Let's Talk Organic
Many of us already know how beneficial organic foods are for our health and environment. However, there are many of us who don’t and just can’t understand why we should pay more than we already do for a product that will go bad faster and taste essentially the same. I get it - I was in that boat for many years and almost everyone I know is still in it. That's why I felt it was necessary to share some facts about organic foods to give you a better understanding of what buying organic means and how it's actually affecting our bodies.
It’s important to note that this doesn’t have to be a big life altering change. Not everything I buy is organic. Simply because it's not always available. To keep things easy I use the EWG organic guide to pick and choose my battles. This guide gives you the lowdown on the foods that actually contain high levels of pesticides and the ones that contain none or very little. I then use this list to swap out the food on the naughty list for the organic option to cut back on a number of nasties I'm eating on the daily.
So, let’s dive in!
What does organic mean?
The term organic is used to certify when food is produced without synthetic chemicals or fertilizers, genetic engineering, radiation or sewage sludge.
What are pesticides?
Pesticides are toxins created to kill living organisms such as insects, plants, and fungi that are considered ‘pests’.
The impact of pesticides on the body?
Children and fetuses are the most vulnerable to pesticide exposure because their immune systems, bodies, and brains are still developing. Exposure at an early age may cause developmental delays, behavioral disorders, autism, immune system harm, and motor dysfunction. Pregnant women are also more vulnerable due to the added stress pesticides put on their already taxed organs. Plus, pesticides can be passed from mother to child in the womb, as well as through breast milk.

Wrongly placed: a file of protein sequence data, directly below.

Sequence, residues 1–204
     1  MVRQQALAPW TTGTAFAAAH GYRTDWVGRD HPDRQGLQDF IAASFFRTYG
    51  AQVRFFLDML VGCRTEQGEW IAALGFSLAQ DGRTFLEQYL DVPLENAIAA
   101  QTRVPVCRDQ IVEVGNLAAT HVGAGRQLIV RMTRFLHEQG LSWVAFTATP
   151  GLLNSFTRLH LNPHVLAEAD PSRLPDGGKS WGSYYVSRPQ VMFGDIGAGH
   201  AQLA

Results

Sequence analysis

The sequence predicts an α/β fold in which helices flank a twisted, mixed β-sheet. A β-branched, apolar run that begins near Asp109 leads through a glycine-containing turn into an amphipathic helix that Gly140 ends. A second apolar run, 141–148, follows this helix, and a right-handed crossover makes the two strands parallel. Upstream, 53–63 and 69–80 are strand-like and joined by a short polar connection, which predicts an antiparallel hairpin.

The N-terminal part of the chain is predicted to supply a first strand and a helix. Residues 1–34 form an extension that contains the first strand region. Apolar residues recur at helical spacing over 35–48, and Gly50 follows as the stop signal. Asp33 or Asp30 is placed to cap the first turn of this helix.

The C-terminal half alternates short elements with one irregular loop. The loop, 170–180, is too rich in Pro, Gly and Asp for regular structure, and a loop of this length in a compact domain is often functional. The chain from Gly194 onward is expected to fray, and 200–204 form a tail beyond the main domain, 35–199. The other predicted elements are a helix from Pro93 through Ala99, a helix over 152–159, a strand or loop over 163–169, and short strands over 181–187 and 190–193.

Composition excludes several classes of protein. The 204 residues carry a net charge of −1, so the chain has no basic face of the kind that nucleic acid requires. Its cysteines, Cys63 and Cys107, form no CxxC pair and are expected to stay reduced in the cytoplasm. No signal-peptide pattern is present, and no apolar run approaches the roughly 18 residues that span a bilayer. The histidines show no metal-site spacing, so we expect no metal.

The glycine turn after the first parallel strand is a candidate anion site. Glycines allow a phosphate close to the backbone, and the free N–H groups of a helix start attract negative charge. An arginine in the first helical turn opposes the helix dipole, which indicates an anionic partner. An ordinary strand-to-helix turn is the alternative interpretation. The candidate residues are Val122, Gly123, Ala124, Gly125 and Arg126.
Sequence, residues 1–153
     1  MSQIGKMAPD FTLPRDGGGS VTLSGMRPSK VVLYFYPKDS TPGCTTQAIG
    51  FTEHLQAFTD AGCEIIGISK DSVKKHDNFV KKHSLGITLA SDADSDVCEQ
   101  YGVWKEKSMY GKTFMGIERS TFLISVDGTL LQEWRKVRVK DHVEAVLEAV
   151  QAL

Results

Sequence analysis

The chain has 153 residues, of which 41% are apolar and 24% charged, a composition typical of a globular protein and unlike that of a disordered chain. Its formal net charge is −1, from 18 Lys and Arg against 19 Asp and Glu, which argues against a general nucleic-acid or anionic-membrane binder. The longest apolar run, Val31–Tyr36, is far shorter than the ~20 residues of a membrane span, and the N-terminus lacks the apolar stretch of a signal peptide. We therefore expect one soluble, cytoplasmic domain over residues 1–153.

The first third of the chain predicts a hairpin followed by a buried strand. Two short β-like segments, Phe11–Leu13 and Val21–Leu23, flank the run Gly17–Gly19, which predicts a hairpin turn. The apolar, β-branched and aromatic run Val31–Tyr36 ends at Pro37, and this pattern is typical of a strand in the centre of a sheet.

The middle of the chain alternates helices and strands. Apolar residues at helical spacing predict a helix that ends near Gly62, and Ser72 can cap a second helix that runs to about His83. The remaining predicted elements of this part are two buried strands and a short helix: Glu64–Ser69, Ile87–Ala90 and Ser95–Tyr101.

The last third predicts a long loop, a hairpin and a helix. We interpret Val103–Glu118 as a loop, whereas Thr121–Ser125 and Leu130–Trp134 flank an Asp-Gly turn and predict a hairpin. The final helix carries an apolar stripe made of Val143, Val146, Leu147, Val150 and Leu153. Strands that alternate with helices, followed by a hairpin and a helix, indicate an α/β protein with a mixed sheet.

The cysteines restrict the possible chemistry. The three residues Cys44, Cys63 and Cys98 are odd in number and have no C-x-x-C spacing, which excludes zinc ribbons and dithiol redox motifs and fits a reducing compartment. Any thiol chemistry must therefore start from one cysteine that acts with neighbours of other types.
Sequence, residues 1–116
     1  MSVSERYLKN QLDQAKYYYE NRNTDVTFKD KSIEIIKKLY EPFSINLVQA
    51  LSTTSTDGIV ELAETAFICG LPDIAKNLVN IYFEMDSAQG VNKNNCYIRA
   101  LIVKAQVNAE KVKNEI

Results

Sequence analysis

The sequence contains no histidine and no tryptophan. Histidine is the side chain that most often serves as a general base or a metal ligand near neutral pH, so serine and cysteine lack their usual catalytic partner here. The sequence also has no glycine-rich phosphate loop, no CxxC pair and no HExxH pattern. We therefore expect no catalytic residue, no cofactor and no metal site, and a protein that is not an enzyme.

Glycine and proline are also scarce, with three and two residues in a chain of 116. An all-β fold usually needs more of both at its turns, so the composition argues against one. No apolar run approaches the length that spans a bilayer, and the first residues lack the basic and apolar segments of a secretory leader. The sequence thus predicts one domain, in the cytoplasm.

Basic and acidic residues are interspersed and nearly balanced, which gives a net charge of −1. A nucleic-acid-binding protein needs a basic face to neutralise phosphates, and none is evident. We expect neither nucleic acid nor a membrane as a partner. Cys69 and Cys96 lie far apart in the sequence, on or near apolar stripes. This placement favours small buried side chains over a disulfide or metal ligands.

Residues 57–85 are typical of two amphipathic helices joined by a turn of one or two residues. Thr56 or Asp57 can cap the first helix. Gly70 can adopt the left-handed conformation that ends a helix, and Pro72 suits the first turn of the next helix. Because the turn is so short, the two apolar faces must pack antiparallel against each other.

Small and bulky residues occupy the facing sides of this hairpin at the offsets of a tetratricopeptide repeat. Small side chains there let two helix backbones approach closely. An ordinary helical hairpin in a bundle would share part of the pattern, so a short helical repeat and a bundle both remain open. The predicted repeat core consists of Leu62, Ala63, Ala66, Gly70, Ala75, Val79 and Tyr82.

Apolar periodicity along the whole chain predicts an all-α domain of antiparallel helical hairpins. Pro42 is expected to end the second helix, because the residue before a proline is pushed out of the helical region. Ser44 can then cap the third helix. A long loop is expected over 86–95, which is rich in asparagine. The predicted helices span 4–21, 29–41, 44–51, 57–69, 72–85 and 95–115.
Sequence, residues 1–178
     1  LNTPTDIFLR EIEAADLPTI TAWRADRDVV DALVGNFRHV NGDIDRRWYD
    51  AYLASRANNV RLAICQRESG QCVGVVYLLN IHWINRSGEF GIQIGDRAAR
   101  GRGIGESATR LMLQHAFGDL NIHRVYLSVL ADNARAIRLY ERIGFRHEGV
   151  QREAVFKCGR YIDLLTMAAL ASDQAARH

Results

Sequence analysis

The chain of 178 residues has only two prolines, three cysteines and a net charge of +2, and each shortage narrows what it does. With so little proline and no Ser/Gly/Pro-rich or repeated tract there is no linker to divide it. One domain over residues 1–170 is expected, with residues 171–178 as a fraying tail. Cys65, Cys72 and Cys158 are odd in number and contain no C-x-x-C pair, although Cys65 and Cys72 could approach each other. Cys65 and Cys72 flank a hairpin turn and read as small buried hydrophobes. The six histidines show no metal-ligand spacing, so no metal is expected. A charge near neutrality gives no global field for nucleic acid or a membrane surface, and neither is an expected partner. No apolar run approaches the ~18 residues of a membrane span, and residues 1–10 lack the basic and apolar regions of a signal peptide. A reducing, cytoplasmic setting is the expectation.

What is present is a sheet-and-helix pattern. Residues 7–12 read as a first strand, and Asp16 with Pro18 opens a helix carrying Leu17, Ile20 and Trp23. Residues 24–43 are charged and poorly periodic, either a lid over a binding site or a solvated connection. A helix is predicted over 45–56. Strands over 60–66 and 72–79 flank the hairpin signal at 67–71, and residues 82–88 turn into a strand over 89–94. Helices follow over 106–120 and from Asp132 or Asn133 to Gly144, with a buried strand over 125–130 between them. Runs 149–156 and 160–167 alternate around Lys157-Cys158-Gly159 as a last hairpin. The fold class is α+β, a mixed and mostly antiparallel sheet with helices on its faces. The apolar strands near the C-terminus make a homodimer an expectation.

Does washing and peeling produce get rid of pesticides?
Rinsing reduces but does not eliminate pesticides. Peeling sometimes helps, but valuable nutrients often go down the drain with the skin.
How does buying organic impact the environment?
Organic farming practices reduce pollution, conserves water, reduces soil erosion, increases soil fertility, and uses less energy. Farming without pesticides is also better for nearby birds and animals as well as people who live close to farms.
Organic food buying tips:
Buy in season – Fruits and vegetables are cheapest and freshest when they are in season. Find out when produce is delivered to your market so you're buying the freshest food possible.
Shop around – Compare the price of organic items at the grocery store, the farmer's’ market and other venues (even the freezer aisle).
Remember that organic doesn’t always equal healthy –Making junk food sound healthy is a common marketing ploy in the food industry but organic baked goods, desserts, and snacks are usually still very high in sugar, salt, fat, or calories. It pays to read food labels carefully.